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Microsoft Programming

Why Visual Basic 6 Still Thrives 406

theodp writes "Microsoft recently extended 'It Just Works' compatibility for Visual Basic 6 applications through the full lifetime of Windows 8, so VB6 apps will have at least 24 years of supported lifetime (VB6 shipped in '98). So why has VB6, 'the un-killable cockroach' in the Windows ecosystem, managed to thrive? 'Cockroaches are successful because they're simple,' explains David S. Platt. 'They do what they need to do for their ecological niche and no more. Visual Basic 6 did what its creators intended for its market niche: enable very rapid development of limited programs by programmers of lesser experience.' But when Microsoft proudly trotted out VB.NET, the 'full-fledged language' designed to turn VB6 'bus drivers' into 'fighter pilots,' they got a surprise. 'Almost all Visual Basic 6 programmers were content with what Visual Basic 6 did,' explains Platt. 'They were happy to be bus drivers: to leave the office at 5 p.m. (or 4:30 p.m. on a really nice day) instead of working until midnight; to play with their families on weekends instead of trudging back to the office; to sleep with their spouses instead of pulling another coding all-nighter and eating cold pizza for breakfast. They didn't lament the lack of operator overloading or polymorphism in Visual Basic 6, so they didn't say much.'"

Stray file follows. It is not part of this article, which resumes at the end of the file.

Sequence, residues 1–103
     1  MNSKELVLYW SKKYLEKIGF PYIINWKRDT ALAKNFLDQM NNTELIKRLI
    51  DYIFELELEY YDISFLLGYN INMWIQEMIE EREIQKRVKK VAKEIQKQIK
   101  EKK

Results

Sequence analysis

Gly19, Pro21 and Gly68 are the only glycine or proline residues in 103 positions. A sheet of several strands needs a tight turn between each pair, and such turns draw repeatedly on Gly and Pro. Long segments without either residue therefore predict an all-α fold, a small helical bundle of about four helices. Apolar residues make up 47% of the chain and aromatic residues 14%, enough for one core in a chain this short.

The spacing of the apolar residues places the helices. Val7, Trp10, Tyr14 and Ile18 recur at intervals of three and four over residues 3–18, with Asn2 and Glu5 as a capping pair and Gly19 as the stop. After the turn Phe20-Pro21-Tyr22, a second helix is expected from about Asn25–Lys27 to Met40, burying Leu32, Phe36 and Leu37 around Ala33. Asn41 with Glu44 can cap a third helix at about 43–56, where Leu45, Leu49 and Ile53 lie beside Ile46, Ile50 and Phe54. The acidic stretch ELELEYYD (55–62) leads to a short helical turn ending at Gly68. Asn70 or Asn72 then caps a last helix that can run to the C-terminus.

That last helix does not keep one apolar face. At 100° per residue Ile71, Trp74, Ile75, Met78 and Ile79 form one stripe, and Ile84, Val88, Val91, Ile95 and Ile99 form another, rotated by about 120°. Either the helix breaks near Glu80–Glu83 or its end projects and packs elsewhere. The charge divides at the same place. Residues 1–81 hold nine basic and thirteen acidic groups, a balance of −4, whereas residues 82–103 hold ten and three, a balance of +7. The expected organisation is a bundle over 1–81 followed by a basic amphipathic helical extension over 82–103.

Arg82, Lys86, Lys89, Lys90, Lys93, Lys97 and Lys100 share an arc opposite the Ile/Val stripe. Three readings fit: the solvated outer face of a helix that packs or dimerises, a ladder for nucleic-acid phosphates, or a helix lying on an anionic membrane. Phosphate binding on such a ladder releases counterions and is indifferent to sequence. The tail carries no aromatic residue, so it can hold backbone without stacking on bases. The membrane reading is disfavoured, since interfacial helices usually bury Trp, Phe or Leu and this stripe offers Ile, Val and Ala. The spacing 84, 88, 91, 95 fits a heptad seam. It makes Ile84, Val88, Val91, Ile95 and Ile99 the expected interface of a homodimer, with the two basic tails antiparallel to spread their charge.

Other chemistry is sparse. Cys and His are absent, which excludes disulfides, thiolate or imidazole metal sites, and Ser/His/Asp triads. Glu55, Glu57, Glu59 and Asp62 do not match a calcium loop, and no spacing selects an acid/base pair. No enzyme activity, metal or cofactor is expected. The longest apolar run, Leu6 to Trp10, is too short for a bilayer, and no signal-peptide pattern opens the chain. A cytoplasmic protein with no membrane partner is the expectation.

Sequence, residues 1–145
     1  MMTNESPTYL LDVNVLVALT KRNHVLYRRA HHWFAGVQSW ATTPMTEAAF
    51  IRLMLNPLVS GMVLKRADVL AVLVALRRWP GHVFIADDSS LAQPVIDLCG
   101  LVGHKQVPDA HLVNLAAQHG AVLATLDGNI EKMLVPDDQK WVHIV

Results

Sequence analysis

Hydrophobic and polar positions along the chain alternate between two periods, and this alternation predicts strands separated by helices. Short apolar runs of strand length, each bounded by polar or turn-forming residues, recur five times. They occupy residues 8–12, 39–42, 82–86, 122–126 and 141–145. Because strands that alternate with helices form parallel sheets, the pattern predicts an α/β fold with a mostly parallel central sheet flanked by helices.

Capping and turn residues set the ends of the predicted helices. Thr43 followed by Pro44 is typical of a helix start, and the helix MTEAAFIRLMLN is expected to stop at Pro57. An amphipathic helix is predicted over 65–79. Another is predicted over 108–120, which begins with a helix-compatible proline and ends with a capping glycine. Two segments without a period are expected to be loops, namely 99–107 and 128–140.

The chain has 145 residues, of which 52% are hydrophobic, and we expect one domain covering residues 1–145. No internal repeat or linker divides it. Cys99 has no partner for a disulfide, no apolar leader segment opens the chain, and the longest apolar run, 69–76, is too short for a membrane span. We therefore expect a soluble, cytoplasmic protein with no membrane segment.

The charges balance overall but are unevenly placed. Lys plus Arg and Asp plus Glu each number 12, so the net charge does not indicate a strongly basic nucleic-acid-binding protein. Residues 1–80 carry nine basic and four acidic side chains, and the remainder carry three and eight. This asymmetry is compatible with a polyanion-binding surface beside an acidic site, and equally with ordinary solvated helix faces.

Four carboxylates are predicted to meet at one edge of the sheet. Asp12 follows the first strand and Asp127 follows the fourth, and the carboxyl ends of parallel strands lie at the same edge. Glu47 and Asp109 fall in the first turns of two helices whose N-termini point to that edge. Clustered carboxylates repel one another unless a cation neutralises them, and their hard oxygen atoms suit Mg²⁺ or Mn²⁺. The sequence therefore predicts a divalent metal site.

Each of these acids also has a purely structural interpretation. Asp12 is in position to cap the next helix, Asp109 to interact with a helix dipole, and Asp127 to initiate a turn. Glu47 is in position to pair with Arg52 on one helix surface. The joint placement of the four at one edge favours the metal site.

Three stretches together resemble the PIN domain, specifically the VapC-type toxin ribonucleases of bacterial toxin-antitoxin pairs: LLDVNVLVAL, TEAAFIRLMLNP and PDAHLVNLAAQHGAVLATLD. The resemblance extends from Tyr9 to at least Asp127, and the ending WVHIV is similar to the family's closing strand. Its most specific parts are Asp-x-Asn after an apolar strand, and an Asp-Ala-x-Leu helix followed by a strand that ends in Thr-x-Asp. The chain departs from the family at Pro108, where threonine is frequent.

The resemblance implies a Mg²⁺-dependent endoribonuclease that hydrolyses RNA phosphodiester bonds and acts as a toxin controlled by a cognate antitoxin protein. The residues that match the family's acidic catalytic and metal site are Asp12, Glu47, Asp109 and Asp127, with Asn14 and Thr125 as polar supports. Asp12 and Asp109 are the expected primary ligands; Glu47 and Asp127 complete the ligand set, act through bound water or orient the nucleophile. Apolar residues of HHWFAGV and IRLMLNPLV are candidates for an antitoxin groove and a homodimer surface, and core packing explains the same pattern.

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Why Visual Basic 6 Still Thrives

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  • by jellomizer ( 103300 ) on Saturday June 09, 2012 @08:48AM (#40267625)

    If you had VB5 and you got VB6 you could upgrade your app to a vb6 application very quickly and your program looked and worked just like it did before.
    Upgrading you VB6 app into .NET breaks all but the most basic application, and there is a lot of rework to be done. Often these VB6 apps are not the best design and, and you need to find a .NET compatible version of your third party tools, then they are probably quite different and you need to rework them again.

    Next you have the .NET framework. I write a program in visual studios 2010, Now I need to make decisions... Do I compile it for .net 2.0 and not have as many features but know that my system will work on most modern windows systems, or work on 4.5 and require all the users to upgrade their system? Why can't I just compile it into a static .EXE

    Finally you have older developers. These guys are not Computer Scientists, They studied other fields and happened to learn computers, and started to program before a lot of the formalization in good form came into place. .NET seems unnecessarily restrictive to them. Why do you need to type all this extra crap. I need it to do this, why do I need System.Windows.Forms.PotatoGun.PopSound() instead of PlayPop Often these older developers are just maintaining the existing system that they have coded decades ago. So there is no real push to upgrade and give them a new project just because it needs to support .NET